Q: HOW HIGH IS TOO HIGH?
Why some stocks trade at sky- high P/ E ratios
A: It’s true the price- to- earnings ratio, or P/ E, probably is the most commonly used valuation metric, but that doesn’t mean it’s always a good way to gauge an investment. Some solid stocks have P/ E ratios that are deceptively high, while other healthy companies might even have negative P/ Es.
Three metrics that are particularly useful to look at in these cases are: the revenue growth rate; the PEG ratio, which factors a company’s projected earnings growth into the P/ E calculation; and the priceto- sale ratio or P/ S. It’s often the case that even if a stock’s P/ E looks extremely high, one or both of these metrics will make it look cheap.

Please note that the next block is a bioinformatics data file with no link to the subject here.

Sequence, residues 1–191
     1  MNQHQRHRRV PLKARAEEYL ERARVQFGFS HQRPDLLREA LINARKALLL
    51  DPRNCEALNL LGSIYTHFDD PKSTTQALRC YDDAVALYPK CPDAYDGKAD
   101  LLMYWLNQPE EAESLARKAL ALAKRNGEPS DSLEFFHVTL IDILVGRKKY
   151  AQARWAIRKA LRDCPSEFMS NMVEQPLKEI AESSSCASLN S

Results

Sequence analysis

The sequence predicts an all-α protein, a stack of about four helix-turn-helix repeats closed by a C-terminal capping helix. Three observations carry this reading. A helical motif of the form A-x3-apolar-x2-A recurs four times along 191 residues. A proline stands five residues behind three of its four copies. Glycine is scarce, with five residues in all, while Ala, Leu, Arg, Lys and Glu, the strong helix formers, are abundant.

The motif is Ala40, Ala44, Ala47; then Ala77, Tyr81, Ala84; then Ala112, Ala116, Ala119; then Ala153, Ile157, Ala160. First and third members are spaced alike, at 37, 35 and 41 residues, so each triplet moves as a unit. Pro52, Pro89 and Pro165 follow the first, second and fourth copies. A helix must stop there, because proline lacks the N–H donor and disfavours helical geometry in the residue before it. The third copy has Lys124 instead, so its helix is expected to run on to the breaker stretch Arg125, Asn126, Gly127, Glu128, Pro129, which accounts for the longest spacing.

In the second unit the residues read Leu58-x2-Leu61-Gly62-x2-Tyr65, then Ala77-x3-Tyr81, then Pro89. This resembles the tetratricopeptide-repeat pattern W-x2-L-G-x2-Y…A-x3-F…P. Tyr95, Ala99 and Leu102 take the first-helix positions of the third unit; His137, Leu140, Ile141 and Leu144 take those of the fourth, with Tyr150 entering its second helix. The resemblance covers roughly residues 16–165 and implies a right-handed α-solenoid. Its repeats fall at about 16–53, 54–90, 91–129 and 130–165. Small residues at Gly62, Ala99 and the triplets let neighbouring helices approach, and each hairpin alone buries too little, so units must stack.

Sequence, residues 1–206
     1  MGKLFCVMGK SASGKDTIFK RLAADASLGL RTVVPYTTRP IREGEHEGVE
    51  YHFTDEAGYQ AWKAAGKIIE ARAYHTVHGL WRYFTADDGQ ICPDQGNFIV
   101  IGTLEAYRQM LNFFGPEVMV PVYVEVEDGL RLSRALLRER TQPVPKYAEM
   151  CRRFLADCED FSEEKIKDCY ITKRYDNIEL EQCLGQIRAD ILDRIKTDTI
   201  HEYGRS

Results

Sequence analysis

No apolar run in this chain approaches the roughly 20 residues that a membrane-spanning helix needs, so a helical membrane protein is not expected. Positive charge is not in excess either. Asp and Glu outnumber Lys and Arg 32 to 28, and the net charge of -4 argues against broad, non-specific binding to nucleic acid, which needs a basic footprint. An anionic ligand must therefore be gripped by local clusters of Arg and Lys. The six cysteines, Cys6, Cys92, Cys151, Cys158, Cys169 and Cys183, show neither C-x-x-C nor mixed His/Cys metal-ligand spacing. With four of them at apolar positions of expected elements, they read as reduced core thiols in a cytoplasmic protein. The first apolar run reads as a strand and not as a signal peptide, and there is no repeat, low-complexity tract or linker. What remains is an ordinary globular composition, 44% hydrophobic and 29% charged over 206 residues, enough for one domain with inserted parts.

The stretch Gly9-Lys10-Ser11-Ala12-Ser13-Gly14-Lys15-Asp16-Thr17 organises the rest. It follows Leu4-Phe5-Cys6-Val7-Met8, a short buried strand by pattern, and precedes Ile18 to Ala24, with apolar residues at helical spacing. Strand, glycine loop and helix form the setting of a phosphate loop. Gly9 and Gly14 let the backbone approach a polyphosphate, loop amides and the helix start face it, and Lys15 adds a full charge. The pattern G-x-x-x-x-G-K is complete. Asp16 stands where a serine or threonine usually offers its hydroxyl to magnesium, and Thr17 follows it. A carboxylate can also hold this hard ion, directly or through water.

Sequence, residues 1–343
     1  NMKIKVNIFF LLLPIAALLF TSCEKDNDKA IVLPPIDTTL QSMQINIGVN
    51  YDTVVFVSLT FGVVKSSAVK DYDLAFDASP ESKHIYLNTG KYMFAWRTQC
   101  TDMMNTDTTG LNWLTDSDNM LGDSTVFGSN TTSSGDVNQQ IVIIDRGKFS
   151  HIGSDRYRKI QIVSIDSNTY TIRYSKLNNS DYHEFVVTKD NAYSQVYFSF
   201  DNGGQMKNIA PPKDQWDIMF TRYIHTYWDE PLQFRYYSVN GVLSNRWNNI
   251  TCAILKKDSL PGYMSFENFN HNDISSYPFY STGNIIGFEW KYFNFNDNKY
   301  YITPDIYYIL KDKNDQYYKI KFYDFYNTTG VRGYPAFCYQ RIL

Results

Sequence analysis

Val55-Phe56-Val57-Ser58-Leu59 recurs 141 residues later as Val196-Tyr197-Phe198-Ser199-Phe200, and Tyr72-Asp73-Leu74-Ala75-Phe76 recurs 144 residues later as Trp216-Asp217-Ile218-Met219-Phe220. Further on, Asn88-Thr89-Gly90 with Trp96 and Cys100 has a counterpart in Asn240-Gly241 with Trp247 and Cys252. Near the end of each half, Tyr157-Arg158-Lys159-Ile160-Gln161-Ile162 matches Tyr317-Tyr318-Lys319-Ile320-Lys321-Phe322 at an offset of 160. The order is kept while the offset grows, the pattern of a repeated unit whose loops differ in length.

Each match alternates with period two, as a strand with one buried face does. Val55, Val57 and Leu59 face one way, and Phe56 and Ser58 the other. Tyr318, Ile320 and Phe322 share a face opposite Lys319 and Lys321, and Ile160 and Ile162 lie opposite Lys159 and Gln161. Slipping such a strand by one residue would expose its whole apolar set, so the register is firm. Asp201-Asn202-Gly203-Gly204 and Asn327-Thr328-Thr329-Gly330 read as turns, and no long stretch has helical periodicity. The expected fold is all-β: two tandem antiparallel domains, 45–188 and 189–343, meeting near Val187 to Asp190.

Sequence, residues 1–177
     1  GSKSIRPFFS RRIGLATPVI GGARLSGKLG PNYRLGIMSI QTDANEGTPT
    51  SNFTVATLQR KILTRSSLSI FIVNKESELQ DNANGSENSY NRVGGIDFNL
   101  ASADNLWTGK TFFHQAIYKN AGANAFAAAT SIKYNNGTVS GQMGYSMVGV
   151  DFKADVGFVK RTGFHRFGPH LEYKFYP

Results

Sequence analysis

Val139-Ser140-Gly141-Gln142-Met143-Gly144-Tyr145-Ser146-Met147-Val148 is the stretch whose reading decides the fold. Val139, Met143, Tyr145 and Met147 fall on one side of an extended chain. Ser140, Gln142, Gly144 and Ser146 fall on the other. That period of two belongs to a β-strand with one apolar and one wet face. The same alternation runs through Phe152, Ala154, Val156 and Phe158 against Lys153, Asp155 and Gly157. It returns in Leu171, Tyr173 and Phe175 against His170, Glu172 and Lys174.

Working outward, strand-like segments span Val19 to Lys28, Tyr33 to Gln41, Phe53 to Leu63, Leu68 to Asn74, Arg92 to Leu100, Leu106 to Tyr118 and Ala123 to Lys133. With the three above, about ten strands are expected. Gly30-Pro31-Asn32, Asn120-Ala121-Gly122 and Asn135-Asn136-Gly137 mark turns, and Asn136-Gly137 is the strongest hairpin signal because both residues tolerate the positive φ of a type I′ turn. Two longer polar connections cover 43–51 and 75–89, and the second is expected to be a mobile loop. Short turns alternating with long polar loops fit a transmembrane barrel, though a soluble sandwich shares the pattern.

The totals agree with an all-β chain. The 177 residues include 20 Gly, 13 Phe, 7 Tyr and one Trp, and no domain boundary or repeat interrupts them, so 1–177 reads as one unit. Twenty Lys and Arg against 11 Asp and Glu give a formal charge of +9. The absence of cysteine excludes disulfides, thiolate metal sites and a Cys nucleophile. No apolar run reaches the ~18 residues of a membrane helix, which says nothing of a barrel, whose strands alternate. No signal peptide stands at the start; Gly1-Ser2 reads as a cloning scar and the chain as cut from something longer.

Consider one example: Amazon. com trades at a P/ E ratio of 245 times its last 12 months of earnings. Looking solely at that metric, the shares might appear extremely expensive. However, Amazon’s revenue grew by nearly 25% over the past year, and it trades at a P/ S ratio of 3.1, which is roughly half that of its peer group. In other words, the company is highly valued relative to its current profits but not relative to its sales or growth — two factors indicative of its future profit potential. Also, Amazon has a PEG ratio of 6.4. That’s above its peer average of 3.7 — and well above the range of 0 to 1 many experts seek — but it’s still a much more reasonable- looking valuation for a growing company.
John Mackey, CEO of Whole Foods Market, an Amazon subsidiary, is a member of The Motley Fool’s board of directors. The Motley Fool owns shares of and recommends Amazon.